Then they directed us off-road and up a fairly steep ski run — in the winter, with snow on it, it’d probably be a black diamond run … except that I was driving up it instead of slithering down. Here I enjoyed the benefit of almost every marketing term in the Range Rover playbook: Terrain Response 2, Active Rear Locking Differential, All Terrain Progress Control, Low Traction Launch, Hill Descent Control, Gradient Response Control and torque-on-demand all-wheel drive. A lot of those terms are copyrighted so you can just forget about stealing them for use on your Baja racer. A lot of them are also utilized via programs that grab the brakes whether aimed uphill or down, to stop a slipping wheel from slipping. This resulted in a discernable scent of brake dust on both the drives up and down, making us wonder if perhaps a simple low-range transfer case would have been more efficient. Perhaps not, considering that few, if any, Velar owners are likely to go backward up a black diamond Norwegian ski run in summer.
Our V6 had a ground clearance of 9.9 inches, which I could lower by touching an icon on one of the touchscreens. The single-speed transfer case can send 100 percent of the engine’s torque to the front axle in as little as a tenth of a second. Other icons engage Terrain Response, which tailors vehicle response to eco, comfort, grass-gravel-snow, mud ruts, sand and dynamic modes. You could spend the first 10 weeks of Velar ownership playing with touchscreen icons.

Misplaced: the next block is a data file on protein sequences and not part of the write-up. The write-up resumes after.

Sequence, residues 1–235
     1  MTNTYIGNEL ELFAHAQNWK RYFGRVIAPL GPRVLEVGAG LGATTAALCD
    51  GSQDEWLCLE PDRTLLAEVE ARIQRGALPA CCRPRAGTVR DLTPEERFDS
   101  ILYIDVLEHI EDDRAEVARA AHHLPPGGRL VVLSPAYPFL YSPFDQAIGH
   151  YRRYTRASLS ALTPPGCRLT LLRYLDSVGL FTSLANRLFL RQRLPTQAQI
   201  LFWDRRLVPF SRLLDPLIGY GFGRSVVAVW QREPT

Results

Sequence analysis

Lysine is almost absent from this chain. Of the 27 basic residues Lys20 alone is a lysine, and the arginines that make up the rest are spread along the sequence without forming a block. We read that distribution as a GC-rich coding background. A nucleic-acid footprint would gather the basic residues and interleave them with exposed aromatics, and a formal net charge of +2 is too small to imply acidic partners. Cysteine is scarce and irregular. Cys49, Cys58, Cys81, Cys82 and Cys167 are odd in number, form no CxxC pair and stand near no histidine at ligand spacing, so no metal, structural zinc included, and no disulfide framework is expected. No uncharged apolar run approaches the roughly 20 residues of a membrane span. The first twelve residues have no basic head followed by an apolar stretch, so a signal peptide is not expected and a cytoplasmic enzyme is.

Velar holds its own on twisties.
You can get your Range Rover in a number of trims: Velar and Velar R-Dynamic range offer four specifications: Standard, S, SE and HSE with any of those three powertrains mentioned above. As I said, mine was the Velar First Edition, of which only 500 will be made. All the powertrains are available at launch.
Range Rover said competitors include the BMW X4 and Porsche Macan, but you could also throw in the Volvo XC60 and even the Mercedes GLE. And don’t forget the Jaguar F-Pace and maybe even the X5 and X6. Who knows how buyers think in this stratospheric segment?
Prices ain’t for lightweights. As noted, with the starting price listed at $50,895, including destination, they go up to my test-Velar’s sticker of $90,295. For that you could probably buy one of the painfully cute slopeside cabins on that Norwegian ski run. Of course, you’d never be able to leave it, but maybe if you married the right Norwegian you wouldn’t want to.
On Sale: September
Base Price: $50,895
As Tested Price: $90,295
Drivetrain: 2.0-liter gasolinefour, 8-speed automatic, awd
Output: 247hp at 55000 rpm, 269 lb ft at 1200-4500 rpm
Curb Weight: 4217 pounds (mfg.)
0-60 MPH: 6.4 seconds (mfg.) (5.3 w/ V6)
Fuel Economy: 22/26/23(EPA City/Hwy/Combined)
Options: First Edition model, loaded
Pros: A comfortable, quiet, yet capable awd SUV
Cons: First Edition is over 90k!